Receiving a diagnosis for a medical condition can be nerve-wracking for any patient. It can be overwhelming not only because of the news about the condition, but the decisions required and next steps to take.
Many patients don’t know what questions to ask their doctor, and others don’t know how to best evaluate their options. Patients may forget what the doctor is discussing or be in such a heightened emotional state that the conversation is a complete blur. This, in turn, can make it difficult for patients to make sound decisions about their care.
Take, for example, Mary Bianchi, who was diagnosed with breast cancer. Her surgeon talked to her about an intense treatment plan that included a lumpectomy and removal of lymph nodes. Mary researched her options for treatment online, but she was overwhelmed. She then got a second opinion at the University of California San Francisco Breast Care Center. Like most health care centers, they gave her informational videos and booklets about treatment options. However, what this center did differently was something else — Mary received a personal coach.
The coach accompanied Mary on doctor visits, took notes, and helped her brainstorm questions about treatment and concerns about outcomes. The coach made her feel more empowered and informed about her health care choices.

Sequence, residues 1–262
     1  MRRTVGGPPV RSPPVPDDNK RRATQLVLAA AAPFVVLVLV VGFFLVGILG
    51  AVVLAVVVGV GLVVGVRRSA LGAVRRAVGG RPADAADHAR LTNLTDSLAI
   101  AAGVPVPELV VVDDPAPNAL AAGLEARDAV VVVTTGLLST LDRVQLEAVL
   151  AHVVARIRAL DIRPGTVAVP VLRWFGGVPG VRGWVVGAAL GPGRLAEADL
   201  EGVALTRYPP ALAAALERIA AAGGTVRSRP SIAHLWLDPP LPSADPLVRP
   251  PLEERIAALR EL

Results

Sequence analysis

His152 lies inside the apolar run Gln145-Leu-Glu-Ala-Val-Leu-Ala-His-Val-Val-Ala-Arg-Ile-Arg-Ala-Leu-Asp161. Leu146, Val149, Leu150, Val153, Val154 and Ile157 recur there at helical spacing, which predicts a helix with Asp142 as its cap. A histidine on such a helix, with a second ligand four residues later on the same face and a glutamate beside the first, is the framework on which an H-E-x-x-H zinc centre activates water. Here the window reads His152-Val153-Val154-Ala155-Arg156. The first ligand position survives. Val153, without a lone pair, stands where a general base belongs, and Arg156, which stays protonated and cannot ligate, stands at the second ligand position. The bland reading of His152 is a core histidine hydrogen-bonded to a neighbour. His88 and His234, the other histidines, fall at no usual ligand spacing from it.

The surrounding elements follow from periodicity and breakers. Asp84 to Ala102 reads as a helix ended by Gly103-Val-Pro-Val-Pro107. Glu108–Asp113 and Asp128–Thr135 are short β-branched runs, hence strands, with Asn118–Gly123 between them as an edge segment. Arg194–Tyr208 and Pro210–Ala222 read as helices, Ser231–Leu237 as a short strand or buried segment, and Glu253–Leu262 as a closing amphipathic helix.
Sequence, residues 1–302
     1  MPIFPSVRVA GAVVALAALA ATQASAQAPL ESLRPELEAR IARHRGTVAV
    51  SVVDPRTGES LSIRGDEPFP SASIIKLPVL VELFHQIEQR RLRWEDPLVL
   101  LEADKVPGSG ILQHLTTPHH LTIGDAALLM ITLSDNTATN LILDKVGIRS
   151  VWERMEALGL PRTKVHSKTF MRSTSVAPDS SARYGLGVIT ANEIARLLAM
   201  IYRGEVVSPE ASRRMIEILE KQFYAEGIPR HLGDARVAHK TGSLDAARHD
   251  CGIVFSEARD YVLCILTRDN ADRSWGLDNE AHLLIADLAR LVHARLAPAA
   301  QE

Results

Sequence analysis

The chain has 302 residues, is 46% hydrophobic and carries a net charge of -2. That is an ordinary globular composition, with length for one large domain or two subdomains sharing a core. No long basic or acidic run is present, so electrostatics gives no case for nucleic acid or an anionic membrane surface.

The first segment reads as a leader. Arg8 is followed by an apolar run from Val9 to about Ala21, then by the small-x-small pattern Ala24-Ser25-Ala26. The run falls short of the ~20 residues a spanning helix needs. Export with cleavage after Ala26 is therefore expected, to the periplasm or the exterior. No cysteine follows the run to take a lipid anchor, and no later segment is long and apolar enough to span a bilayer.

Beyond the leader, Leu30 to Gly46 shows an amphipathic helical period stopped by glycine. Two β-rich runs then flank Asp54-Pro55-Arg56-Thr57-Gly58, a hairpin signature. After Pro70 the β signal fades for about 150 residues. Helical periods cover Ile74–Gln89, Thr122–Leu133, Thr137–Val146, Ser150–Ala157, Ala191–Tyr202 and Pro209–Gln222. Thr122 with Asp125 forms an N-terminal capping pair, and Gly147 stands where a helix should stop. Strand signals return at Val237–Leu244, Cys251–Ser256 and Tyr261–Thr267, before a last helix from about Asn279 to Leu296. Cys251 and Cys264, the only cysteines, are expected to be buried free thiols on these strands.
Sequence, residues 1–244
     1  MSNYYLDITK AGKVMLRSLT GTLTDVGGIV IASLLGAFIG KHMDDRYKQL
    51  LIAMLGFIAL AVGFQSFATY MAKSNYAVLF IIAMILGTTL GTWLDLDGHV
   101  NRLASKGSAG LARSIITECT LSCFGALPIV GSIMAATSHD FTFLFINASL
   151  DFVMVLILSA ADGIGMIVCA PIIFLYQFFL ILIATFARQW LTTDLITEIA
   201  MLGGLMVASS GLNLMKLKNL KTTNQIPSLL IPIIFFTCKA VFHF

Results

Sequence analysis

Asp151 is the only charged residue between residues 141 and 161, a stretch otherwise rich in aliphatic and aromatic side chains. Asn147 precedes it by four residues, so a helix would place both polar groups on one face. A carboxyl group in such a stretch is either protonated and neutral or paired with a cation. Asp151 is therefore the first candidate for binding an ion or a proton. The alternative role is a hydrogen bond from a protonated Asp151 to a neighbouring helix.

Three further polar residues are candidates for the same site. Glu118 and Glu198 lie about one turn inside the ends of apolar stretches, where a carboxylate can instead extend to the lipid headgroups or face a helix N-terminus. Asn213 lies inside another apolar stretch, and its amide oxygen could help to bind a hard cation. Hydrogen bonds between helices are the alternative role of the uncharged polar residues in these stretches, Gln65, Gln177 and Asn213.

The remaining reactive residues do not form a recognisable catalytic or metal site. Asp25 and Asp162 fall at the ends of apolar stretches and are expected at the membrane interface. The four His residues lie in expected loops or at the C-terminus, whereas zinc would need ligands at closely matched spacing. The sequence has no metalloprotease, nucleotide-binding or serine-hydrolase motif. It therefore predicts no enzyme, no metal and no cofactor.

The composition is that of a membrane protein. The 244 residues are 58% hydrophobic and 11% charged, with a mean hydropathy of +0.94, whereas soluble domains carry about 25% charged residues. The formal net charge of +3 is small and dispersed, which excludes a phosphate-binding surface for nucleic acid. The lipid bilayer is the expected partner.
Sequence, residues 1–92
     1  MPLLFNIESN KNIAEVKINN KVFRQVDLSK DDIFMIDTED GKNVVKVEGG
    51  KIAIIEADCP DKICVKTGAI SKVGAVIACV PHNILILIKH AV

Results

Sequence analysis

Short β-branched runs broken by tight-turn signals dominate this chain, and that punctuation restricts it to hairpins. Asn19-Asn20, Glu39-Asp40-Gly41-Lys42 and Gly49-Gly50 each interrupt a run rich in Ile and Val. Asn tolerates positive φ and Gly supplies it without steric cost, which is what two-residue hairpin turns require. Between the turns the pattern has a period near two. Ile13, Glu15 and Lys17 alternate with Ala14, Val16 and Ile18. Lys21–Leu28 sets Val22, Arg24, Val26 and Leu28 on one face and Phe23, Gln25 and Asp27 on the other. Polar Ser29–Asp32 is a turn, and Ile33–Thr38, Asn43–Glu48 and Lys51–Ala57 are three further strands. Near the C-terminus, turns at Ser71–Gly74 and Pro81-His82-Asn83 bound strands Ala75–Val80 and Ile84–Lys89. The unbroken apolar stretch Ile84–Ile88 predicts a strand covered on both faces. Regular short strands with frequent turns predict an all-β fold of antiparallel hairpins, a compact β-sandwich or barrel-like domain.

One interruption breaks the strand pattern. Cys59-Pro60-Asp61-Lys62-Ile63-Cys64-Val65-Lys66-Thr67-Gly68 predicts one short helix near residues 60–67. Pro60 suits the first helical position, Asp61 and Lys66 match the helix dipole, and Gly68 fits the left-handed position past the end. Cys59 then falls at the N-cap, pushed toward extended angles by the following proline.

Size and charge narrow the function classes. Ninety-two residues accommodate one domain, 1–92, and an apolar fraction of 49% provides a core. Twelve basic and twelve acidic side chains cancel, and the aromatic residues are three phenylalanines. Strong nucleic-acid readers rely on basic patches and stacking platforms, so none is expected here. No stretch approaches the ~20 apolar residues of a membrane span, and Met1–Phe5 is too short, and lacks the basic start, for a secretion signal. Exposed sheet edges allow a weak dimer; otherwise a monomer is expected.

Healthcare coaches are a recent addition to the healthcare world, as part of something called patient navigator programs. The coaches help patients through the logistical, emotional, and sometimes cultural barriers that can inhibit their ability to successfully navigate the healthcare system.
Pioneered by Harold P. Freeman, M.D. in 1990, the purpose of patient navigator programs are to eliminate barriers to timely screening, diagnosis, treatment, and supportive care. Some of these barriers include:
- Financial barriers
- A lack of understanding of the healthcare process and options for care
- Language barriers
- Psychological barriers such as fear of treatment and distrust of the system
Since its inception, the current patient navigation model has expanded to include the entire healthcare continuum — from prevention, detection, diagnosis, treatment, and supportive, to end-of-life care. In addition, this type of program has been employed at the Leukemia and Lymphoma Society, Cleveland Clinic, and the Ralph Lauren Center for Cancer Care and Prevention. Overall, these programs improve navigation and satisfaction rates of patients.
Today, instead of feeling overwhelmed when facing a myriad number of healthcare options, patients can feel empowered by having a health care coach at their side. If you’re interested in becoming a healthcare coach in a patient navigator program, you can apply for a program here.
The patient navigator program stems from The Harold P. Freeman Patient Navigation Institute, a 501(c)(3) organization located in New York City. Since its founding, the program has taught over 1,000 people the skills of successful patient navigation.